Wanderlust is a strong desire for or impulse to wander or travel and explore the world.
It’s hard to believe (despite my countdown) but my time in Nepal has almost come to an end. We have packed up our things and bought all our last minute gifts and have started saying goodbye to friends.
Also recently I turned 30, and it went exactly as expected: I am now a total hag with grey hair, a crackly voice, and tons of wrinkles. Just kidding! Actually, at the exact moment of the 30th anniversary of my birth, time and space stood still and I was transcended. I reached nirvana, and now I know all the answers AND all the questions. Okay…it was probably a little bit of both.
I have really struggled with this post. I don’t want to be gooey and emotional – “Nepal has just changed my entire outlook on life and everything about it is perfect and everyone should do exactly what I am doing!” It’s not like that. And yet, living in Kathmandu for two years has really opened up my eyes – both my normal pair and that previously little known third eye that looks inward.
I feel like my time here has had two parts – the work part, and the place part. The work is the constant. Even though I will move to other posts and other sections, the core of my job stays the same. My office at the embassy was (is) totally amaze balls. They took me from a newbie who was basically terrified of everything to someone who is actually an asset to the Department’s greater goals – a small cog in a huge wheel, for sure, but that doesn’t make me any less happy about finding a place that I fit. I have made so many friends in two years – the Foreign Service is so great. “Let’s put a bunch of nerds who like the same stuff together and make them do work to better the world! YAY!!!!”
Then there is the place – I will never forget Joanna and Sittaram picking myself, Kyle, and two frightened kitties up from the airport for the first time. It was HOT. It was dusty. It was my first true “we aren’t in Kansas anymore, Toto” experience. I’m not going to pretend that I did a wonderful job getting to know the great truth of Nepal. I didn’t climb Mt. Everest (or even get to base camp) and it turns out, Nepali food is way too spicy for this Southern Girl. But I did my best to soak up all the lessons Nepal had for me:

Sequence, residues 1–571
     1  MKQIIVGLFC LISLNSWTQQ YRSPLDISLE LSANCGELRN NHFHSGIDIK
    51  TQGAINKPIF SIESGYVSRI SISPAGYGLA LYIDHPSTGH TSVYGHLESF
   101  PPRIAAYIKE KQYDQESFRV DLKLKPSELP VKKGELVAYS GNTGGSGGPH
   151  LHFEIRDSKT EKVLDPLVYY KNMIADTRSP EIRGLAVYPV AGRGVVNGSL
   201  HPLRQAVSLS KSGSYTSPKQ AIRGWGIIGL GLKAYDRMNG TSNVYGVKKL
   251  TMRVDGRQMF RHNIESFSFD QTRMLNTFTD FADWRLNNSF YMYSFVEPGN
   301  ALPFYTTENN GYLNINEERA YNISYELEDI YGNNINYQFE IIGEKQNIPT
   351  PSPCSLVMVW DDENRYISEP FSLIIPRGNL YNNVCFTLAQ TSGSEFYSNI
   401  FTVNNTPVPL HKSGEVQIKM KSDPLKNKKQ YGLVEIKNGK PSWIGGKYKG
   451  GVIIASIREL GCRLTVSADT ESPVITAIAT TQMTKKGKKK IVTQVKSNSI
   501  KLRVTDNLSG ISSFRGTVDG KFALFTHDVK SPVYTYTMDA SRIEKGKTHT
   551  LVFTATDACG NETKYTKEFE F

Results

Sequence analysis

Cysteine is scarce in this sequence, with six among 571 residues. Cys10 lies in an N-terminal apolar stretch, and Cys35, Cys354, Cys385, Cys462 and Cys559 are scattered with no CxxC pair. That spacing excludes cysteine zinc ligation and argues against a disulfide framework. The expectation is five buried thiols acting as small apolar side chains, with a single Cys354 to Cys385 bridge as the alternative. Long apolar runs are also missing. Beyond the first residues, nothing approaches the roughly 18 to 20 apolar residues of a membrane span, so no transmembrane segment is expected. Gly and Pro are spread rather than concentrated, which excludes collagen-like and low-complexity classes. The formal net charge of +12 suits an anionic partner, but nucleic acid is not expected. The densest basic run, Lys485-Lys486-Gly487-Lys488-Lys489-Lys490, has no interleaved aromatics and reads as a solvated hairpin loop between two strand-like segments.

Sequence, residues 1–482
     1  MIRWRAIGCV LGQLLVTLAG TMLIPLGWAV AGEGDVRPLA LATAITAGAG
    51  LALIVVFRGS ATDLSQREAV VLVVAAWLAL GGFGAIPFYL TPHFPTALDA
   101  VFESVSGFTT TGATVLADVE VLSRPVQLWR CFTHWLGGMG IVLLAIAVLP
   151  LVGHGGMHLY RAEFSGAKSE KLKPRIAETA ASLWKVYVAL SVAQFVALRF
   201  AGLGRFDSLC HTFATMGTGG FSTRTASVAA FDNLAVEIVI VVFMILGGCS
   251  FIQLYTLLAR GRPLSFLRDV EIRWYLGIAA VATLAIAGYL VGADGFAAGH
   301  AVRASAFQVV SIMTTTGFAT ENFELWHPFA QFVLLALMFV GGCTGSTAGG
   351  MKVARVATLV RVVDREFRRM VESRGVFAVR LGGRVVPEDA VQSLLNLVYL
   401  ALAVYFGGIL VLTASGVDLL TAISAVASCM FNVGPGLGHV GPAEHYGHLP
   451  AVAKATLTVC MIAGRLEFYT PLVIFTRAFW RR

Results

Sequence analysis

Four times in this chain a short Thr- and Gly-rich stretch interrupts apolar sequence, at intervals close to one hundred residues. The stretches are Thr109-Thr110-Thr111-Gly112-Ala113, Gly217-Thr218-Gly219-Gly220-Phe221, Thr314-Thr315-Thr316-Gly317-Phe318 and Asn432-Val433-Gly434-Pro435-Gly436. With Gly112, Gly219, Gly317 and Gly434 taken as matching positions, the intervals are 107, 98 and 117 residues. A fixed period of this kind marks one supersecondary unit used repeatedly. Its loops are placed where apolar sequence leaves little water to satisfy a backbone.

1. Hiking is not for you.
2. Seriously girl, just stop walking, you are falling way behind the rest of the group.
3. You actually thought you could go on a trek here? BAHAHAHAHAHA.
4. Why yes, we have leeches. And spiders as big as your face. (Take that, Australia)
5. Yak Cheese is not Cheddar
6. Yak Butter is not butter
7. The Holy Trinity – Pepto, Immodium and extra soft toilet paper
8. Our mountains make your mountains look like crap.
Okay. Seriously though. Nepal taught me that I can use a squat toilet (though I still hate it) and that I can even pee outside when there is no alternative (also not for me but the view was beautiful). It taught me that I can kill bugs when there is no one else there to do it for me, and that I can actually sleep in a hotel room full of lizards. And even if hiking isn’t my thing, I can still accomplish some fairly decent hikes in order to see the Himalayas, and it was worth it. I can also happily pay $200 and get up at 5:30am for the Mountain Flight that takes you to Everest and back. I can find where I am going and get there in a taxi even if my Nepali is non-existent and the taxi driver’s English is limited, and there is no address.
Nepal has made me a stronger person, a more understanding person. As my first post, it’s the lens through which I will view all the rest of them. Thank you, Nepal, for teaching me some very important lessons. Perhaps we will meet again some day. I look forward to hearing about your progress and successes, and celebrating them from a far.